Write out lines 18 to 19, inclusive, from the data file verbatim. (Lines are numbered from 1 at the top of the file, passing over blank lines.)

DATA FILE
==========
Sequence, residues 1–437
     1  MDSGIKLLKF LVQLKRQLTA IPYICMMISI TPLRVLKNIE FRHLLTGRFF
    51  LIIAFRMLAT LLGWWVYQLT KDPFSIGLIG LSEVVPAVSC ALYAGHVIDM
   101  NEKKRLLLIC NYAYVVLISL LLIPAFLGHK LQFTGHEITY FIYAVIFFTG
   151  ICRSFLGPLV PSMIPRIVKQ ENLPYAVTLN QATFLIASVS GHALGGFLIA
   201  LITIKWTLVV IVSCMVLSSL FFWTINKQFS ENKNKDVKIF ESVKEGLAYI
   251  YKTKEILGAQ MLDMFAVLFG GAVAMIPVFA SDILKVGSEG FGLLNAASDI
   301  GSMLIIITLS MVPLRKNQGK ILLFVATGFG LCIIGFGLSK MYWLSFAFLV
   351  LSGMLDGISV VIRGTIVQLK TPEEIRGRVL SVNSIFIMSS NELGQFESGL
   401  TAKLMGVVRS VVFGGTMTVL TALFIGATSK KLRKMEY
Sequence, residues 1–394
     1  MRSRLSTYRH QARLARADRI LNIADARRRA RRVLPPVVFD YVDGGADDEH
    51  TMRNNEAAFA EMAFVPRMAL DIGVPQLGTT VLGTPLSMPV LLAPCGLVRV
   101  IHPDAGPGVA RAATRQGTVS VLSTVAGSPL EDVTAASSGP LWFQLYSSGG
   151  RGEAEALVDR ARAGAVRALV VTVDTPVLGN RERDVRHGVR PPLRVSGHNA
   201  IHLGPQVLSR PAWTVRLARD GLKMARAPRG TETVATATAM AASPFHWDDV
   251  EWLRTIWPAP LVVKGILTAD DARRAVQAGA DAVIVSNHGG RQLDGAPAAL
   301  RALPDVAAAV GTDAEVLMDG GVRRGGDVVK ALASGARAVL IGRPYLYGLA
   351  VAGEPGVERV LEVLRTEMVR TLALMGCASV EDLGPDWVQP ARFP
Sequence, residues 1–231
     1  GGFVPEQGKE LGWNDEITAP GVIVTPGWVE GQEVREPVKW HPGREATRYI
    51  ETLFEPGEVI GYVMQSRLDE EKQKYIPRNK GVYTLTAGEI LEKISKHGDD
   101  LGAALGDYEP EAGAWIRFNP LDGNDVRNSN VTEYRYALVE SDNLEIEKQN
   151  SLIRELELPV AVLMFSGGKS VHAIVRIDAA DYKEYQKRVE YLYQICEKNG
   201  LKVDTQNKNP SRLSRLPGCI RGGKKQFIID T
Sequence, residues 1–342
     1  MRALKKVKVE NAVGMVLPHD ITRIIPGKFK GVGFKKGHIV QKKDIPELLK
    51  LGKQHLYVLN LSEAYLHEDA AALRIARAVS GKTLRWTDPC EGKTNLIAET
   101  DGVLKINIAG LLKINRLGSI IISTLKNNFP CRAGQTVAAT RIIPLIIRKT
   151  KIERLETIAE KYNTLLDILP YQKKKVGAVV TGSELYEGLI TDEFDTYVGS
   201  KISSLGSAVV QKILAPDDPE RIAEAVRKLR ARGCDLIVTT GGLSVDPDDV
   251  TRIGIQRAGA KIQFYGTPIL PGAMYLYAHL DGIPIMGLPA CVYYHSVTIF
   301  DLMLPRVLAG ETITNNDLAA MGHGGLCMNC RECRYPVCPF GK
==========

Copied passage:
   301  RALPDVAAAV GTDAEVLMDG GVRRGGDVVK ALASGARAVL IGRPYLYGLA
   351  VAGEPGVERV LEVLRTEMVR TLALMGCASV EDLGPDWVQP ARFP